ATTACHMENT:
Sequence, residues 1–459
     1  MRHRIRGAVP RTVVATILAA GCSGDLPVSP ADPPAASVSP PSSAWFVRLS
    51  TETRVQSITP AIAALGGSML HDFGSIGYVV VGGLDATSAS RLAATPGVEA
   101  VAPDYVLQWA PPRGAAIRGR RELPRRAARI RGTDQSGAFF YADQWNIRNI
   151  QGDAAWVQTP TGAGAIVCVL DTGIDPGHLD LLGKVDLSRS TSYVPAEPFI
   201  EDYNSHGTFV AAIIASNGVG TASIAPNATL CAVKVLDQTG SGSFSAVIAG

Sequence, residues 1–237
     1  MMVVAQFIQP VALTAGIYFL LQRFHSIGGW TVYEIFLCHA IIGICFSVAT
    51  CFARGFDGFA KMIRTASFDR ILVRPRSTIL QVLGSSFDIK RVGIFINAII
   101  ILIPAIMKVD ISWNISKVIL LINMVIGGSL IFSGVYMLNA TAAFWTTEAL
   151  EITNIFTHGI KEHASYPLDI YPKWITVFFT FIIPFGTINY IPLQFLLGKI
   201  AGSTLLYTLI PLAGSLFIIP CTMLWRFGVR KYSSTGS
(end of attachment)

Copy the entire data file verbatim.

Sequence, residues 1–459
     1  MRHRIRGAVP RTVVATILAA GCSGDLPVSP ADPPAASVSP PSSAWFVRLS
    51  TETRVQSITP AIAALGGSML HDFGSIGYVV VGGLDATSAS RLAATPGVEA
   101  VAPDYVLQWA PPRGAAIRGR RELPRRAARI RGTDQSGAFF YADQWNIRNI
   151  QGDAAWVQTP TGAGAIVCVL DTGIDPGHLD LLGKVDLSRS TSYVPAEPFI
   201  EDYNSHGTFV AAIIASNGVG TASIAPNATL CAVKVLDQTG SGSFSAVIAG

Sequence, residues 1–237
     1  MMVVAQFIQP VALTAGIYFL LQRFHSIGGW TVYEIFLCHA IIGICFSVAT
    51  CFARGFDGFA KMIRTASFDR ILVRPRSTIL QVLGSSFDIK RVGIFINAII
   101  ILIPAIMKVD ISWNISKVIL LINMVIGGSL IFSGVYMLNA TAAFWTTEAL
   151  EITNIFTHGI KEHASYPLDI YPKWITVFFT FIIPFGTINY IPLQFLLGKI
   201  AGSTLLYTLI PLAGSLFIIP CTMLWRFGVR KYSSTGS